Some readers might be turned off by the present tense, second person narrative point of view that CYOA novels are often written in
Different readers have different preferences, and each time you make a decision about how you’re going to write a novel, you may attract certain types of readers and repel others. There’s no way around it. CYOA novels especially are considered ‘niche’ forms of writing, since they are written in a tense and viewpoint not often seen in novels (i.e. second person, present tense). You are taking a risk every time you delve into a way of writing that is deviant from the standard, and CYOA novels are the perfect examples of this.
Possible solution: Look into what kind of readers you’d like to attract and keep that audience in mind when writing your novel. You can’t always please everyone, and CYOA novels are the perfect examples to illustrate this. That being said, there are a good amount of successful stories written in the second person. When done well, using this kind of viewpoint can give your novel something unique that makes it stand out from others, in a good way.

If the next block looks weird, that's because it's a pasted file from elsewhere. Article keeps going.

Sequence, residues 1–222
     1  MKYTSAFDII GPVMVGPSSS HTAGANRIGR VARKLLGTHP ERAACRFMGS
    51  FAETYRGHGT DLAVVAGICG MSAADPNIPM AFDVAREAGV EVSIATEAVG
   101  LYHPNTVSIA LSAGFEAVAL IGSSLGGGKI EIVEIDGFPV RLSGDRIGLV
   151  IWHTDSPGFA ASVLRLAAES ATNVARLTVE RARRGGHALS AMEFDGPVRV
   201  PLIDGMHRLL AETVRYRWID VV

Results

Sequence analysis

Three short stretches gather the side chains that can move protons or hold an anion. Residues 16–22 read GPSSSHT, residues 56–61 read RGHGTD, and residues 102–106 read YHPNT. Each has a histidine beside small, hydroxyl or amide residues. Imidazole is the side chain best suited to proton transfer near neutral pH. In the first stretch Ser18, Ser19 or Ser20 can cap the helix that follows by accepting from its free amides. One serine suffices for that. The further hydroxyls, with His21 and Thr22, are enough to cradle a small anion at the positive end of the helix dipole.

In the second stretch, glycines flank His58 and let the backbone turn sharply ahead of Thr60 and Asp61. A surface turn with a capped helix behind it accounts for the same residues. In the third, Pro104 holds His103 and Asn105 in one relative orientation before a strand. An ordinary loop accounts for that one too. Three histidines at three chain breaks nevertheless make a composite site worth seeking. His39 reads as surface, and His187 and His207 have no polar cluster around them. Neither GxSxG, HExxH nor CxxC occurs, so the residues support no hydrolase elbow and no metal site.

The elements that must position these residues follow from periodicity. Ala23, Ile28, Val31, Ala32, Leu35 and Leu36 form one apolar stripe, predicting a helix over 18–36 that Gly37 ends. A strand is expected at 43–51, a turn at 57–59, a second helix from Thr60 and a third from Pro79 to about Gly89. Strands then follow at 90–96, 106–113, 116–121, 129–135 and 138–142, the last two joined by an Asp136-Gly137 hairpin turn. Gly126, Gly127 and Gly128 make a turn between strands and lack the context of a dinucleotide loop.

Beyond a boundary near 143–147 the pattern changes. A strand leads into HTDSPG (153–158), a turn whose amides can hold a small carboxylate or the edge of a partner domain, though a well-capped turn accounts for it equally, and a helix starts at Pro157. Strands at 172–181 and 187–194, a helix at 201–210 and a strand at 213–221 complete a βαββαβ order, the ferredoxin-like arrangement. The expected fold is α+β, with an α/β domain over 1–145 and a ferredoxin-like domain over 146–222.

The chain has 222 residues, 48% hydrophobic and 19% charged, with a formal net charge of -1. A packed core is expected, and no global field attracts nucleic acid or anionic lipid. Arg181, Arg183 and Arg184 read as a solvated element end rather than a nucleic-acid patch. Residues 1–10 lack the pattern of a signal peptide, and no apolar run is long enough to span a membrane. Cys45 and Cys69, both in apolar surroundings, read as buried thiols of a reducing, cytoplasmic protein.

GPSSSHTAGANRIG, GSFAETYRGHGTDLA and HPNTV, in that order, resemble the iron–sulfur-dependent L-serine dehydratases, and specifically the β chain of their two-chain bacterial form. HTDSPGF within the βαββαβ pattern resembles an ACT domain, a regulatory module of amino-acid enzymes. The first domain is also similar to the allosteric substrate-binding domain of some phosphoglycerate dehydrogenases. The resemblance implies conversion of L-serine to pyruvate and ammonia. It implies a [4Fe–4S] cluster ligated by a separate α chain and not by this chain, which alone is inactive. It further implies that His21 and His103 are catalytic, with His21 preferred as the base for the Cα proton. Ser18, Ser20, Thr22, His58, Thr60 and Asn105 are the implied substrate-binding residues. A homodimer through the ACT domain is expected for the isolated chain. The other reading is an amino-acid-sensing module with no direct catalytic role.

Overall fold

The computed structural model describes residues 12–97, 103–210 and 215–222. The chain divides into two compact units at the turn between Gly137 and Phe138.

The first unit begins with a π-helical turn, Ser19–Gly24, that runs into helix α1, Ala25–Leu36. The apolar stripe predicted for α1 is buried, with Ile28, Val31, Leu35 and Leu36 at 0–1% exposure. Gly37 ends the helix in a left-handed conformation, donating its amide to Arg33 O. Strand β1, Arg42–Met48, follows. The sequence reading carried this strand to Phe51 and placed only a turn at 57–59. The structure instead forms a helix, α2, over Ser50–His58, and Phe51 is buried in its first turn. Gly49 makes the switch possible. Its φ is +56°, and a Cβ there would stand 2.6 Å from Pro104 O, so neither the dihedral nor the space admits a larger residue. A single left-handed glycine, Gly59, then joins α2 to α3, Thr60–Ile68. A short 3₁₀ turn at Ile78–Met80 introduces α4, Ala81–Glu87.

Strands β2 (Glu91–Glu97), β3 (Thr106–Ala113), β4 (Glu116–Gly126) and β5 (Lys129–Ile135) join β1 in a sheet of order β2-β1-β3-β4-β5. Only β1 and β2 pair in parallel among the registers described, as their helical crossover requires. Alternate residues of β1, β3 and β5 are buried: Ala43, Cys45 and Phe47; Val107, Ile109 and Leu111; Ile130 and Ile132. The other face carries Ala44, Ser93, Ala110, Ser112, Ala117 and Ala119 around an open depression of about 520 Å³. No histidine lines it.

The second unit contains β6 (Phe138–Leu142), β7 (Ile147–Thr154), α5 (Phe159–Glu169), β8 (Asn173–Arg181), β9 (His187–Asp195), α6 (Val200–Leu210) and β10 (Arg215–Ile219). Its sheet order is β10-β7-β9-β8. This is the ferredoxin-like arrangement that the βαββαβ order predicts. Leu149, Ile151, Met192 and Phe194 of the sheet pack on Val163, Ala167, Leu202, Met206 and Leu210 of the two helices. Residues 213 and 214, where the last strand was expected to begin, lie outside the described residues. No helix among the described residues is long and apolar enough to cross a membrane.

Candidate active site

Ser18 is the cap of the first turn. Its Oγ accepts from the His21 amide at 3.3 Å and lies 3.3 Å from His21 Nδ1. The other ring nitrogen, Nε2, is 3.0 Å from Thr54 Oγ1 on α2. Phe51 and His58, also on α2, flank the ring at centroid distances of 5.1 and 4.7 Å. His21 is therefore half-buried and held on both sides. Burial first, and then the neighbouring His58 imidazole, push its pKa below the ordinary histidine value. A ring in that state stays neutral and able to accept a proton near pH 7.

CYOA novels can be more difficult to write than standard novels
This point has been highlighted in previous points regarding the amount of planning it takes to write a CYOA. You’re not just writing one linear story, you’re writing one story plus all (or almost all) its possible variations.
Possible solution: Know why you’re writing it, and always keep that in mind. If it’s done well, all your hard work will pay off in the end.
“He who has a why to live can bear almost any how.”
If you decide to go CYOA anyway